Monday, November 14, 2011

Week 7: Learner Autonomy and the One-computer Classroom

Learner Autonomy
An inspiring article by Dimitrios Thanasoulas entitled What is Learner Autonomy and How Can It Be Fostered? provides a definition about it. It is described as 'the ability to take charge of one's learning'. The term' autonomy' has come to be used in at least five ways:
  • for situations in which learners study entirely on their own;
  • for a set of skills which can be learned and applied in self-directed learning;
  • for an inborn capacity which is suppressed by institutional education;
  • for the exercise of learners' responsibility for their own learning;
  • for the right of learners to determine the direction of their own learning.
In order to enhance learner autonomy in my Structure (English Grammar) class, I distribute the course outline to the students which contain the schedule of the course and list the following components:
- day/date
- material taught/learned
- homework (should be done prior to the class)

By putting the homework they should do before they come to the class, I hope my students will do the exercises coherent with what they are going to learn in the classroom. By doing so, they've got 'prior knowledge' of what I teach and can engage actively in the learning process.

In addition to that, I also assign the students to do extra assignments in Self-Access Center (SAC) by doing pathways. They have to the pathway activity once a week. Their assignments are scored and integrated in the scoring system to determine their final score.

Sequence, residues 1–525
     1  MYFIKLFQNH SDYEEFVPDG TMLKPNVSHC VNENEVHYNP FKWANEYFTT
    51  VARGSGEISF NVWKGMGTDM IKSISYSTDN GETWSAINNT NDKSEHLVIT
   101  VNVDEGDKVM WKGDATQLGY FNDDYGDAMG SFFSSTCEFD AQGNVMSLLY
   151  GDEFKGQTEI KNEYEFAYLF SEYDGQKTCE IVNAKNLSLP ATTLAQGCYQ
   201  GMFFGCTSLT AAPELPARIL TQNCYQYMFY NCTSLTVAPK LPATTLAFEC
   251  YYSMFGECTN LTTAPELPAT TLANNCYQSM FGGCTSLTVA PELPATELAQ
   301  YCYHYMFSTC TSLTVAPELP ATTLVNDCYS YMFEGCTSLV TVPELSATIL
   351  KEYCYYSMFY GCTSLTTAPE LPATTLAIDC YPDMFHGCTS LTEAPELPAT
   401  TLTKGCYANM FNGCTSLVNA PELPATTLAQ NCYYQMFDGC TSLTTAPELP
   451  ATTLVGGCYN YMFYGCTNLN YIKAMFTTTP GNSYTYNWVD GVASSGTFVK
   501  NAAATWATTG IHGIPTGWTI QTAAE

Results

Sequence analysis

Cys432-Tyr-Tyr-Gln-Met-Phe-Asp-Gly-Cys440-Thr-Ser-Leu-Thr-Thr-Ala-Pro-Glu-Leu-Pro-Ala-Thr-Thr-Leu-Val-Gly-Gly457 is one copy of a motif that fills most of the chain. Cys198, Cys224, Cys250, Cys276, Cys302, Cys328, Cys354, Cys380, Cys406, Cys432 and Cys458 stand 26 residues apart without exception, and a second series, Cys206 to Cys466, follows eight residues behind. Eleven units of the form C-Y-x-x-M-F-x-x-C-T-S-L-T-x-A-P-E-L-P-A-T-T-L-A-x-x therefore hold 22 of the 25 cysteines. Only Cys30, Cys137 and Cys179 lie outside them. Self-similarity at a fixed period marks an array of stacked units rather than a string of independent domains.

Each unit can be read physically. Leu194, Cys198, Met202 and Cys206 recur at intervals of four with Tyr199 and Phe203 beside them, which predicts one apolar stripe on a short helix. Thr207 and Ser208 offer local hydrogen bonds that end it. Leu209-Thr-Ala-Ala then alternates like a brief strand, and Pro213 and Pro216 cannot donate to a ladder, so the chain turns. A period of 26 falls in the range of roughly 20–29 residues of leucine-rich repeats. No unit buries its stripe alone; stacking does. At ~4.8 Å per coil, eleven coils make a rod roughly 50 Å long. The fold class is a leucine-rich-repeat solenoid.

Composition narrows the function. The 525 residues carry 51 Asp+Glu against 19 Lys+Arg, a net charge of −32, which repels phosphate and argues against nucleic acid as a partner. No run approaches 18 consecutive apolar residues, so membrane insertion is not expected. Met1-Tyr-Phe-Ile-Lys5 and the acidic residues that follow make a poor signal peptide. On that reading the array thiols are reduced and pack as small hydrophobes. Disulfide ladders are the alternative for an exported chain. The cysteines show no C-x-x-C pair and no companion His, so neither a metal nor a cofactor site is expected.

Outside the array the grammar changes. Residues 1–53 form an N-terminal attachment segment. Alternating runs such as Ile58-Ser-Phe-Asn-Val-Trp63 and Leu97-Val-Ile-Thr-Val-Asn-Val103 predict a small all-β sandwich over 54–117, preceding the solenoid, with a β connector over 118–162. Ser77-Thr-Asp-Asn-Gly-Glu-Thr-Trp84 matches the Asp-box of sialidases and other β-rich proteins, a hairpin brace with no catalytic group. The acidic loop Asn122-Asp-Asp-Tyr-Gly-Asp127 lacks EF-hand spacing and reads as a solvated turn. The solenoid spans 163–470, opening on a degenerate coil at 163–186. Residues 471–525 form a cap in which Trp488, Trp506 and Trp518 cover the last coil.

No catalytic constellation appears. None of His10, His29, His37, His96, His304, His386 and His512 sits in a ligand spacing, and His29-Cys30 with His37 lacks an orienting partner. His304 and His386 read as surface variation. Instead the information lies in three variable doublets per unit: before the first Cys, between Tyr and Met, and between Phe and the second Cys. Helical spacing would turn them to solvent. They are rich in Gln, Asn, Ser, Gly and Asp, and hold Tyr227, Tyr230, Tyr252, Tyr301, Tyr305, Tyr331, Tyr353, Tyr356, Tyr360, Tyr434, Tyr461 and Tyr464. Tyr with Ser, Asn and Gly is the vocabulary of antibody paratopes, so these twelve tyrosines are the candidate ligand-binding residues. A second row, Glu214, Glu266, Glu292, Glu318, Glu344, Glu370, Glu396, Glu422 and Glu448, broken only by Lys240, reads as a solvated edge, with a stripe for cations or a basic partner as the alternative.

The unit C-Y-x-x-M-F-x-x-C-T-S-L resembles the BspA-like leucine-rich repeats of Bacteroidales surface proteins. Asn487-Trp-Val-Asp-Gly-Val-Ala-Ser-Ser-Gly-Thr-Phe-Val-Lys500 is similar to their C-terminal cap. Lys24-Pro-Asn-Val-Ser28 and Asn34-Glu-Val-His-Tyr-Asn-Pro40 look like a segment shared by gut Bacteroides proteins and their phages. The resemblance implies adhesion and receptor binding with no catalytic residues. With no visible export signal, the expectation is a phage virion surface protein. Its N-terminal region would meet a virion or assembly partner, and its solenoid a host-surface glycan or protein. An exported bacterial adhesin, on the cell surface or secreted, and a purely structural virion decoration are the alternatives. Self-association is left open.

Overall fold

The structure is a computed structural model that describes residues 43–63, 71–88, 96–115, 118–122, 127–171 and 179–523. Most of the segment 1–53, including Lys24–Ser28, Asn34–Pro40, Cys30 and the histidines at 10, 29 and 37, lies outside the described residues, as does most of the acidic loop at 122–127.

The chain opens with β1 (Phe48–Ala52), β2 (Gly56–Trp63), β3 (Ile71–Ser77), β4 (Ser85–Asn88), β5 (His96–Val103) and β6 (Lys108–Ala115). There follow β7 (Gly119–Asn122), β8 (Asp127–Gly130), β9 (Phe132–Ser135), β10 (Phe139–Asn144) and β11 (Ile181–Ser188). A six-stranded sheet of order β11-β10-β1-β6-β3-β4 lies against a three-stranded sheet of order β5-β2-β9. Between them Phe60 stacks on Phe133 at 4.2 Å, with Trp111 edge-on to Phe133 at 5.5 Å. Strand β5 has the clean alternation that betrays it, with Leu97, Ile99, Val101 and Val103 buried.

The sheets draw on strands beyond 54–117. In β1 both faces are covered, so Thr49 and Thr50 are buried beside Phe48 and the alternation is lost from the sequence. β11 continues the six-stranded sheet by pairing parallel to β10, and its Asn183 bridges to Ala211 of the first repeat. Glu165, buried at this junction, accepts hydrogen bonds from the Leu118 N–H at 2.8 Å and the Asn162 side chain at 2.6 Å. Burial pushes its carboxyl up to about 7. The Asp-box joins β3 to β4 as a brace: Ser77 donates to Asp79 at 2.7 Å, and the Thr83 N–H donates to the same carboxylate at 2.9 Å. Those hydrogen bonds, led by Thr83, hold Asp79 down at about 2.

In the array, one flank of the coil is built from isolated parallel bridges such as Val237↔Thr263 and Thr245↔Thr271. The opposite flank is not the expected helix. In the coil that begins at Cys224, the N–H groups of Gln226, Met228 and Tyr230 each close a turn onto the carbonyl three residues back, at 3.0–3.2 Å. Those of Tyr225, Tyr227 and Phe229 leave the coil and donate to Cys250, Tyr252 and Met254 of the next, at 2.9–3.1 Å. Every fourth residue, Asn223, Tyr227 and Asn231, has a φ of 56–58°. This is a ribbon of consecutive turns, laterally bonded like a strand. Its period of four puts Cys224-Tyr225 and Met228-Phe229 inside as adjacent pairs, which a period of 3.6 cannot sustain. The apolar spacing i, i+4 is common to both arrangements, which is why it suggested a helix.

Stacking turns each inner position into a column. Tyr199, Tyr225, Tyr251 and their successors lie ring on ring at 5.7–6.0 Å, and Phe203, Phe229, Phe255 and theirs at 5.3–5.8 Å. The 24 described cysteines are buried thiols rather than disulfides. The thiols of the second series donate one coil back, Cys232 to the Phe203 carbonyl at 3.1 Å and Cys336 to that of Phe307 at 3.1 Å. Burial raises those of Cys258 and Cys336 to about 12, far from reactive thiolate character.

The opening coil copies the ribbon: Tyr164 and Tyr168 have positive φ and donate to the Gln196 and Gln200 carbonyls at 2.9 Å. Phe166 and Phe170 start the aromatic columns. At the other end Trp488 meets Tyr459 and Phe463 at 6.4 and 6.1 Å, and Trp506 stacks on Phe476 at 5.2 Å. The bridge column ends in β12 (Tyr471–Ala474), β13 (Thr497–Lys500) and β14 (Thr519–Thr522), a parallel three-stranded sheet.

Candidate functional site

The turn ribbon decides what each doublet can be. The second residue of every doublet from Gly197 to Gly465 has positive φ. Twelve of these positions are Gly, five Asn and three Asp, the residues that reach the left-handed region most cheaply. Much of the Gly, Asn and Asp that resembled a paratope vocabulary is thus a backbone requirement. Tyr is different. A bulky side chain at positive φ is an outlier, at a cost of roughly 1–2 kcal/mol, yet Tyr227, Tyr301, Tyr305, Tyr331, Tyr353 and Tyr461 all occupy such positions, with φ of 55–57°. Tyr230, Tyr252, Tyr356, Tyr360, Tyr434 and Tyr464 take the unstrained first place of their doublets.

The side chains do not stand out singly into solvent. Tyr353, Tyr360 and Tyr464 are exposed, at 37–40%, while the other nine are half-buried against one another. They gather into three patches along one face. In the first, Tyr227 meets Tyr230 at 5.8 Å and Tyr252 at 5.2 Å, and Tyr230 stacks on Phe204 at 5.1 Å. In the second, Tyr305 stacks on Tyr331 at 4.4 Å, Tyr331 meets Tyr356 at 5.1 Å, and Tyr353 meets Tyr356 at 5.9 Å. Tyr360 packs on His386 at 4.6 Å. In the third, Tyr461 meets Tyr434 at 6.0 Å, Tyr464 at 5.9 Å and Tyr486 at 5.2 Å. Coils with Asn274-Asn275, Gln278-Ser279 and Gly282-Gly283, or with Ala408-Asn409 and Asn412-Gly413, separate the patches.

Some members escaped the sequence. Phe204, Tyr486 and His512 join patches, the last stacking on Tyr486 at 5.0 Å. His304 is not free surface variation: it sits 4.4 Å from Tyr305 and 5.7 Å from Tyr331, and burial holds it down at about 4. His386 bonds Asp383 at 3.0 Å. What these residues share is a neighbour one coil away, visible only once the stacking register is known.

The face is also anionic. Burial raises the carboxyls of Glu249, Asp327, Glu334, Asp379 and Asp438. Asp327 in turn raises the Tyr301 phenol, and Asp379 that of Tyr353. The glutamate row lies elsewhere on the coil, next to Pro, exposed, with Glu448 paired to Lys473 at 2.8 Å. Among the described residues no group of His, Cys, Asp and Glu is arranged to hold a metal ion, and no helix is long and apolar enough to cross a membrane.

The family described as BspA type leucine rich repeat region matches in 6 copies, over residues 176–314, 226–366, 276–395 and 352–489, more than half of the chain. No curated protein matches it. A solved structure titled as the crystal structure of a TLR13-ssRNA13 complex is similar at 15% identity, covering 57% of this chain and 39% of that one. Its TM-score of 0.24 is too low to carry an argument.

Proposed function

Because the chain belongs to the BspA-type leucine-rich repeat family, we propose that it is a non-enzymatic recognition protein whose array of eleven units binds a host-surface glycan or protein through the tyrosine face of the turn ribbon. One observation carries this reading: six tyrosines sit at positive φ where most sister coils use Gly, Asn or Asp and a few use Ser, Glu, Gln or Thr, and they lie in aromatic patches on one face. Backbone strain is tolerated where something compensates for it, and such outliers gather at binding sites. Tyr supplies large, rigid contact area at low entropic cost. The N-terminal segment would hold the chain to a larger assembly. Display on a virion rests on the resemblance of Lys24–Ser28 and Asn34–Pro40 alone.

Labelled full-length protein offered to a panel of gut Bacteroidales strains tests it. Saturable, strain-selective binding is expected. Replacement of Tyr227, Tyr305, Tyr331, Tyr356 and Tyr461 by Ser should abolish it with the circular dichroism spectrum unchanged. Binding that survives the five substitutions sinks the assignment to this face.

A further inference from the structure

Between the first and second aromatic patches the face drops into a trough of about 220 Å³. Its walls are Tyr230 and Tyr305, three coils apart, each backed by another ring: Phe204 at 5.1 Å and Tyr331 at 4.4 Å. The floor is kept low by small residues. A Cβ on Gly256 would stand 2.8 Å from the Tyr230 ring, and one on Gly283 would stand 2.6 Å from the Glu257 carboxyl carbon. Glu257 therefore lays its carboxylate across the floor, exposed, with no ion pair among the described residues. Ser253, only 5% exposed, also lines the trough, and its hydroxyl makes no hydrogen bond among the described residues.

One-Computer Classroom
In many situations where there are not enough computers in the school, it is sometimes enough to have one computer in each classroom to be used by the teacher and the students.  The 7 Categories of Classroom Computer Use provides different ways to make better use of the computer available in the classroom.

In my university there are several so-called multimedia classrooms which have a computer, an LCD projector, a good sound system and a big screen, but not connected to the Internet. I like teaching in those classes as I can make use of the equipments available. I usually explain the materials by using PowerPoint with different font colors, pictures, embedded video to make them interesting for the students to pay attention to. Listening activity can be done well, too.

The advantages of this one-computer class are:
1. The teachers have supporting electronic teaching tools.
2. All students' learning styles (visual, auditory, and kinesthetic) can be addressed to optimize their potentials.
3. Fun and livelier teaching-learning process.

The disadvantages:
1. Paying too much on the tools available can keep the teachers away from engaging the students actively in the lessons.
2. Having no Internet connection makes the teachers need to download the materials they want to use in the classrooms in advance.

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